I played Kim Vogel in the show. Here was a fully fleshed out, transgender character on Sunday-night television, written by Harry and Jack Williams – two of the most acclaimed writers around – but there was still a (sadly, almost inevitable) backlash. Among the criticisms people posted were: “Why didn’t they cast an actual transsexual?” “Why was her character so mean?” “Why couldn’t she have a (spoiler alert) happy ending?”
These were just some of the swipes aimed at the programme. And to answer those: Actually I am a living, breathing transsexual – a quick Google search before tweeting would have revealed this; the character is mean because she’s had to be and, finally, she had it coming. That she was transsexual was incidental.
The last few years have seen greater leaps and bounds in transgender visibility and equality than many could have ever hoped for. All the major soaps have now had a trans character. BBC2 had its own trans-centric sitcom, Boy Meets Girl. Its star – the divine Rebecca Root – has been hailed as an industry trailblazer. Unimaginable to many 20 years ago, she now has a blossoming career and plenty to look forward to.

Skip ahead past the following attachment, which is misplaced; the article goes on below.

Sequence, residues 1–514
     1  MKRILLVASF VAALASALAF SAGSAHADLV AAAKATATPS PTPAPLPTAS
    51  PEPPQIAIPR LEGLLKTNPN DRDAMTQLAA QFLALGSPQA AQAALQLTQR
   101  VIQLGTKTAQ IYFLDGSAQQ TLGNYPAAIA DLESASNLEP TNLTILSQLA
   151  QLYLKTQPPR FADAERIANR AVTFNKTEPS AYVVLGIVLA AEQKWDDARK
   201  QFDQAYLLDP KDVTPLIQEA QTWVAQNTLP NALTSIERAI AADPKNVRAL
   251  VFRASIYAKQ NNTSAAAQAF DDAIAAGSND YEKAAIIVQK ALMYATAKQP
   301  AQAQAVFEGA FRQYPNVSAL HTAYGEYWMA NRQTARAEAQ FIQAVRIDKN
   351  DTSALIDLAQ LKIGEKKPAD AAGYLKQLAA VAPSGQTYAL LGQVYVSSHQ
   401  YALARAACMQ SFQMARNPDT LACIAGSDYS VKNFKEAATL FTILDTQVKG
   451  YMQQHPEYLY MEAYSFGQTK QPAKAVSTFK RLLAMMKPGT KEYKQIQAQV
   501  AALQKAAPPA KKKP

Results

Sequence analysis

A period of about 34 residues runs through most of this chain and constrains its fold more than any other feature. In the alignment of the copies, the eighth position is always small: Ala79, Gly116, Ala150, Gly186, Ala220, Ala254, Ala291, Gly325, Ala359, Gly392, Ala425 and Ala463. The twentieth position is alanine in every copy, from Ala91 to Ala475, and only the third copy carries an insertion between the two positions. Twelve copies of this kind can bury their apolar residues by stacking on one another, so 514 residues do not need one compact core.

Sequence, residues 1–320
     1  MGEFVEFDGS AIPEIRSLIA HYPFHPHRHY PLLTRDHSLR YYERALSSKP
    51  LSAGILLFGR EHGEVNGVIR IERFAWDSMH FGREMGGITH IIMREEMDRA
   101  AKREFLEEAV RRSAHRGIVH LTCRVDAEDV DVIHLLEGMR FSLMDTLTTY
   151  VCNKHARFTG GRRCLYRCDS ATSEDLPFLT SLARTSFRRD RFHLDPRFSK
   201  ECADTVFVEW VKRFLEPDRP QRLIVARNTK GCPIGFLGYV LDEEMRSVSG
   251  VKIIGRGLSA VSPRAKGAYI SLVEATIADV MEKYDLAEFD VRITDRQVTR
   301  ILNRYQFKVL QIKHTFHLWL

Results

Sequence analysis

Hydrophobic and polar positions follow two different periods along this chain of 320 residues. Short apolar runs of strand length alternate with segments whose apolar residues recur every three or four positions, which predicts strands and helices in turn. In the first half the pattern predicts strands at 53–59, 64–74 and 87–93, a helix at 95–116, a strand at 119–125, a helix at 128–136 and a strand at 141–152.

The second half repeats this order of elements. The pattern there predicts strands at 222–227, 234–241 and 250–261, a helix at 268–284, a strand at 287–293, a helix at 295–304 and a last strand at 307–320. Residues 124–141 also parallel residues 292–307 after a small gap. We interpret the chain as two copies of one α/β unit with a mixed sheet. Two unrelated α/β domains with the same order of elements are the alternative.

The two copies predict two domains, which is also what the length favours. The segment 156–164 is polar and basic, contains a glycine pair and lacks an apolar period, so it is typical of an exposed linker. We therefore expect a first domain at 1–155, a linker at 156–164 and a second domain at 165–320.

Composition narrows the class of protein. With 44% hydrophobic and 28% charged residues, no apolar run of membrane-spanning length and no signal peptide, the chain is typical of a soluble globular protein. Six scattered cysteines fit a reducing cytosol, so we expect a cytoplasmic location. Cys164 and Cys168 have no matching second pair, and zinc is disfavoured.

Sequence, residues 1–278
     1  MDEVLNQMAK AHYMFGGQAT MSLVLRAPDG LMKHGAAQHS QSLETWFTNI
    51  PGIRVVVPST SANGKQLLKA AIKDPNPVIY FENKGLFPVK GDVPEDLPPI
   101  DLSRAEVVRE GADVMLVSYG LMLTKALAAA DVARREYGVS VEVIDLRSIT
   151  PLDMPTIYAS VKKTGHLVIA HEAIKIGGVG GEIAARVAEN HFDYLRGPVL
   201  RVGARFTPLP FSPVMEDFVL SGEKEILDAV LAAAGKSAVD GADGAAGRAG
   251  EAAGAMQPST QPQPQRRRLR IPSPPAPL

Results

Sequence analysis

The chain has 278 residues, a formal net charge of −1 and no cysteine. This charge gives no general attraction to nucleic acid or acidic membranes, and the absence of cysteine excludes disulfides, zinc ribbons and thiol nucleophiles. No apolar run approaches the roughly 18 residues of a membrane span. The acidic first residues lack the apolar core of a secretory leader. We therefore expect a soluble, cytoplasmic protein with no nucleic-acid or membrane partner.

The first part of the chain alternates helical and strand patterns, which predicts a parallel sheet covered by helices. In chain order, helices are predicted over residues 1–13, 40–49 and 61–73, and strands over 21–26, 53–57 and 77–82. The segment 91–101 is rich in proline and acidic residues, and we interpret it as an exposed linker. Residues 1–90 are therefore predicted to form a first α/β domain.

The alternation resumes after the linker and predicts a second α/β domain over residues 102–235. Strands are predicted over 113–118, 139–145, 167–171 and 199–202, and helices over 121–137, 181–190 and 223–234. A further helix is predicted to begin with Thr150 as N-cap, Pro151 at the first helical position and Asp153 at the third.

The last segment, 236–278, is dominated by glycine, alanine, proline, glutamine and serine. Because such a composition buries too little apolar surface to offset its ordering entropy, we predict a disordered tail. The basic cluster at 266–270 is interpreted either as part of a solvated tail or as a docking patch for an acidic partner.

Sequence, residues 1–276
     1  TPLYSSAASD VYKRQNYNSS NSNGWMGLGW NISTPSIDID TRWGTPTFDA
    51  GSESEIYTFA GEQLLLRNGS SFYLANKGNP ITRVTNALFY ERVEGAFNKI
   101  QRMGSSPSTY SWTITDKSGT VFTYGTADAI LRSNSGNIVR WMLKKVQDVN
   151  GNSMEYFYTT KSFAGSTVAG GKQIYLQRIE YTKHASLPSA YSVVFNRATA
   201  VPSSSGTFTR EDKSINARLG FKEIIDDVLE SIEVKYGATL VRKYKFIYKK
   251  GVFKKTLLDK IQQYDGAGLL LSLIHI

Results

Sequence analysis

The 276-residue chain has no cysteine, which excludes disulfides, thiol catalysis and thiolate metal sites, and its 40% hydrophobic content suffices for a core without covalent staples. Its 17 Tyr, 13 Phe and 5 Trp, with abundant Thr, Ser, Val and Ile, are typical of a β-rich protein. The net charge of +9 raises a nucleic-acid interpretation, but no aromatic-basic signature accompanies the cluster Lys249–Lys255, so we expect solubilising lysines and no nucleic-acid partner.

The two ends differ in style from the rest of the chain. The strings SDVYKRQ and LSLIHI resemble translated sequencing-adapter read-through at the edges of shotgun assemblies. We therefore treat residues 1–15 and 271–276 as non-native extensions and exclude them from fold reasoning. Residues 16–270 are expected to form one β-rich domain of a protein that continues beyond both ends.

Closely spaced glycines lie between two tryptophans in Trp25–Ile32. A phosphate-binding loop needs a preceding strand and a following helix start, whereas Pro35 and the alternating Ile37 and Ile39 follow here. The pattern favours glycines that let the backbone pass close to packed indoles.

The BBC has been a staunch supporter of me and LGBT+ rights throughout my career
I first played a trans part on BBC1 prime-time show Silent Witness 15 years ago. The BBC has been a staunch supporter of me and LGBT+ rights throughout my career. Yet everyone wants to give the Corporation flak – from people on social media, to the nature of the questions in most of the interviews I do.
Last month, I was honoured to be invited to an open casting for trans-identifying actors in front of the leading casting directors of Theatreland. What a privilege. Colleagues of mine would kill for that opportunity. But there are those in our community that act as if we are doing those casting directors and the industry a favour. If you’re not right for a role, you’re not right. Be grateful you got in the room.